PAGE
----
Information-Seeking Behavior: A Study of Panjab University, India
According to Wilson (1999, 2000), information-seeking behavior includes "those activities a person may engage in when identifying their own needs for information, searching for such information in any way, and using or transferring that information." Kakai, et al., (2004) have defined information-seeking behavior as an individual's way and manner of gathering and sourcing for information for personal use, knowledge updating, and development. Information-seeking behavior of students, researchers, and professionals has been the focus of enquiry for decades. Initially, however, user studies were conducted primarily to evaluate library collections. These were followed by studies of the research habits of individuals or groups that would lead to the design of appropriate information systems and services. In mid 1980s, the focus shifted to holistic approaches to information-seeking behavior. According to Line (2000), new studies of information users and their needs are even more necessary in the age of the Internet. Researchers such as Callison (1997), Devadason and Pratap (1997), and Ellis (1993) have explored quantitative and qualitative methodologies for user studies.
Information-seeking behavior differs among user groups. Academic libraries must understand the information needs of faculty and students in order to address those needs. This study explores the information-seeking behavior of undergraduates, postgraduate students, and researchers in sciences, social sciences, and humanities at the Panjab University, Chandigarh, India.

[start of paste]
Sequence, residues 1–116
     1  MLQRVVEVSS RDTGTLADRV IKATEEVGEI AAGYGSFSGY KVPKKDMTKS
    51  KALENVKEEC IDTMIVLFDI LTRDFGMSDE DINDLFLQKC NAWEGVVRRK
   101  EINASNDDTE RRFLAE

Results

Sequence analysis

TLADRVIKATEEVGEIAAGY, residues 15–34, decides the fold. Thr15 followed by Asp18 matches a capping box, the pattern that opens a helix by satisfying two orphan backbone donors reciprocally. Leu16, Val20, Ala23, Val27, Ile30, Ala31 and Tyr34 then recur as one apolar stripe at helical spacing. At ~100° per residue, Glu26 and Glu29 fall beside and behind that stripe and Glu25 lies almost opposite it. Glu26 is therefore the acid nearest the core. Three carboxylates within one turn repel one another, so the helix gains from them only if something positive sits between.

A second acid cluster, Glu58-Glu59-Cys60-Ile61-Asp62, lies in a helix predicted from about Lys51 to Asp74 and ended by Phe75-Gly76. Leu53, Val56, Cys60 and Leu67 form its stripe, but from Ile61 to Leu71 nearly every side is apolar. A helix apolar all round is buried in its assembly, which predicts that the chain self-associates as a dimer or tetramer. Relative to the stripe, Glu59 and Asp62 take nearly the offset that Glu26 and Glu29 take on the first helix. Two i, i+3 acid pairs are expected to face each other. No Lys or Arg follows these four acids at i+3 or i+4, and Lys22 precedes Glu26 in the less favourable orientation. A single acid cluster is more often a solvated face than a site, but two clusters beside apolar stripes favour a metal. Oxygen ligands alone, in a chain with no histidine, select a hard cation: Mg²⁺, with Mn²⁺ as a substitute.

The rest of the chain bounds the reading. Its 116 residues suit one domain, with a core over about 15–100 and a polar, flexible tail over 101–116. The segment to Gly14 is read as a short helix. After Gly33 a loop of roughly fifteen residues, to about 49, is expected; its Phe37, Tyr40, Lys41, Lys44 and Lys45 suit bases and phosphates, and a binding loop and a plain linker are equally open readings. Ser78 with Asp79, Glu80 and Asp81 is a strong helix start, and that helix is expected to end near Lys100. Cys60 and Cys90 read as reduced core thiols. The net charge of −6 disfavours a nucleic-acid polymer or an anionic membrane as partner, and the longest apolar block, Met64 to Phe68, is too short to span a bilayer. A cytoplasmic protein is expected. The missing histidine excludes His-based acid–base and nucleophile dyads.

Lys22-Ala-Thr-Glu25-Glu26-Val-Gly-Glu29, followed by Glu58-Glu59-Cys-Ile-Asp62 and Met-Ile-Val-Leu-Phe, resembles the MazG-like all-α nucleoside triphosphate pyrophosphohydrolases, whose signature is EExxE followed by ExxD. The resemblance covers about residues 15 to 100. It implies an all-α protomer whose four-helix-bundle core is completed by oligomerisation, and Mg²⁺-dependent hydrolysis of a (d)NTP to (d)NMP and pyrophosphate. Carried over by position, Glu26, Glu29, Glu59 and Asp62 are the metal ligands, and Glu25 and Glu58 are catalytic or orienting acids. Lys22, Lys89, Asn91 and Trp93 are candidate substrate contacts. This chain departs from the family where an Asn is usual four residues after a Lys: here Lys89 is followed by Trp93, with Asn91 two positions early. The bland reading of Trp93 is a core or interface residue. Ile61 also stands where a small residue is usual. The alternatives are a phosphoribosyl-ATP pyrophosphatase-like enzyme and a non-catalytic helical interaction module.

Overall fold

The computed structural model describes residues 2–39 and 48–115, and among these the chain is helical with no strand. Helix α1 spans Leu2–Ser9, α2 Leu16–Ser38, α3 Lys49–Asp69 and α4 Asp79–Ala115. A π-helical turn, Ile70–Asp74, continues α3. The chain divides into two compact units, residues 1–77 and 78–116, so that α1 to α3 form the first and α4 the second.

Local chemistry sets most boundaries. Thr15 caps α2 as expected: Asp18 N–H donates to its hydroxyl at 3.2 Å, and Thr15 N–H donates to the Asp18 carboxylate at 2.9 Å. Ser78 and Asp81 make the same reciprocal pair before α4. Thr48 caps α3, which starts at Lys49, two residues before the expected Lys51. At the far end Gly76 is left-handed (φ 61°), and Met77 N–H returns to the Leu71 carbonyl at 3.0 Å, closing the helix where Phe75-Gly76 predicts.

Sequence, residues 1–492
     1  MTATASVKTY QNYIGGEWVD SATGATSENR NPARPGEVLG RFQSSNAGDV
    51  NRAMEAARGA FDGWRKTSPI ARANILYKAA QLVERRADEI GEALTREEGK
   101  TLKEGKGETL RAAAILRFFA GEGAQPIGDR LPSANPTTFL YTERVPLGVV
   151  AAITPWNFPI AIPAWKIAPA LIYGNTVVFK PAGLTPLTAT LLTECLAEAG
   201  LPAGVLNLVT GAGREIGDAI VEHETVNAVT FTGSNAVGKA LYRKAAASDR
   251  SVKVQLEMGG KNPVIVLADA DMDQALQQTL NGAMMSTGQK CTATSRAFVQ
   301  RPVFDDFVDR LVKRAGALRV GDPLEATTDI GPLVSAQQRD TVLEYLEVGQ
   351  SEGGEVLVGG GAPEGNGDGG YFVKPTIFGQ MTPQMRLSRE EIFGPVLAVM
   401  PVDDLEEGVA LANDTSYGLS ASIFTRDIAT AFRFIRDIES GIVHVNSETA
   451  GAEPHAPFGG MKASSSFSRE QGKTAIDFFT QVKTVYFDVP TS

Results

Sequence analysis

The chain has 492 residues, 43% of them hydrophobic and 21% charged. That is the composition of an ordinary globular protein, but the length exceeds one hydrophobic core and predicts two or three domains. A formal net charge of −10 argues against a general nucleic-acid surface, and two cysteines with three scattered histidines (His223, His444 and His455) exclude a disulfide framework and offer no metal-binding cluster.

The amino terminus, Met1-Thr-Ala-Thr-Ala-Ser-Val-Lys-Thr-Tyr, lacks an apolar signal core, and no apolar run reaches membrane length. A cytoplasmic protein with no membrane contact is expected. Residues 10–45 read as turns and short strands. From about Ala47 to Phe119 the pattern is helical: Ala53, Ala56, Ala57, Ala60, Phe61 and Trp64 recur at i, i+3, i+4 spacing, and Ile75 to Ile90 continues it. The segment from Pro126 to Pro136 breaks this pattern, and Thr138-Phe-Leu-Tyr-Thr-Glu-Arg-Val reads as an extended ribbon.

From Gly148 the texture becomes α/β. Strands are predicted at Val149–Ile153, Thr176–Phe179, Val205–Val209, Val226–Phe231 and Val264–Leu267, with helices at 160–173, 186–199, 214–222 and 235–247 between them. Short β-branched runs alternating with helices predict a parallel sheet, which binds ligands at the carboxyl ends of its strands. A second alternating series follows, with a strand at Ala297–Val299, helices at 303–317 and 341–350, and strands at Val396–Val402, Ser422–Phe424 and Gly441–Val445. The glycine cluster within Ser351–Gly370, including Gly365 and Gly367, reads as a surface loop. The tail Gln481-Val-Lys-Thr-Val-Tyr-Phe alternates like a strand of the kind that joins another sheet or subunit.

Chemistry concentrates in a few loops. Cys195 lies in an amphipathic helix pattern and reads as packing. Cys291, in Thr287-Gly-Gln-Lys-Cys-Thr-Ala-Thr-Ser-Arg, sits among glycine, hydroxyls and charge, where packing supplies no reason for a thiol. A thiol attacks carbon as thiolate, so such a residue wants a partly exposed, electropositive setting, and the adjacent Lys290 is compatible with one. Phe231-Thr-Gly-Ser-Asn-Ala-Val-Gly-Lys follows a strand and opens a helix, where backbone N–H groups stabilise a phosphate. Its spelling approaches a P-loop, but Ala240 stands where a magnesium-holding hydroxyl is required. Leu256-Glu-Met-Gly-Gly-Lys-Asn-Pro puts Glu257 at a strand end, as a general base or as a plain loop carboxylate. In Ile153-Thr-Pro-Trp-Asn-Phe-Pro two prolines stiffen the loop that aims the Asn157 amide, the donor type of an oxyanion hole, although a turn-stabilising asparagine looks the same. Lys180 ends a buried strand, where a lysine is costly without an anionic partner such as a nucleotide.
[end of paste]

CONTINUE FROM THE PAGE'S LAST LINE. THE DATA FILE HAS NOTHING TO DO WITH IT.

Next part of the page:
The Panjab University Library has a rich collection of 650,000 books and 600 journal subscriptions. Moreover, 4,000 journals are available online through UGC Infonet consortium and 300 from Indest consortium. The library has developed a digital library portal. The library is amongst the top ten universities in India in journal usage through the Inflibnet consortium. This study examines the kinds of academic information needed by respondents, which resources they prefer, whether they are satisfied with the library collections, and the general pattern of information-seeking, with special reference to the influence of course of study. The descriptive survey method was used and data was gathered via questionnaire from 250 users. Respondents were also asked for their opinions and suggestions during an interview. The tables below provide analysis of the data.
Table 1 indicates that a total of 250 questionnaires completed, and consisted of 100 undergraduates, 100 postgraduates, and 50 researchers from sciences, social sciences, and humanities.
2. Time spent per week in the library
Nearly half the undergraduate students and more than half of the postgraduate students spend about 5 to 10 hours per week in the library. Nearly three-quarters of the researchers, however, spend less than 5 hours per week in the library.
3. Undergraduate satisfaction with collection
A majority of undergraduates report a good collection of textbooks in the library, and journals were rated similarly. The collection of reference books, journals, and theses was rated Very Good by nearly half.
4. Postgraduate satisfaction with collection
Unlike undergraduate, only about half the postgraduate students rated the textbook collection Very Good, and only about one quarter rated the reference collection similarly. A majority of postgraduates are satisfied with the journals, magazines, newspapers, and theses.
5. Researcher satisfaction with collection
A m ajority of researchers are happy with the availability of journals, magazines, and newspapers, but are not satisfied with textbooks or reference books.
6. Assistance from library staff
Most respondents are satisfied with the assistance provided by the library staff with searching information in the manual catalogue, OPAC, and reference books. Most also indicated the helpful behavior of staff in locating and checking out materials. On the other hand, no respondent was satisfied with help in compiling bibliographies, newspaper clippings, and interlibrary loan. When asked the reason, respondents said that they were not aware of any such service being provided by the library.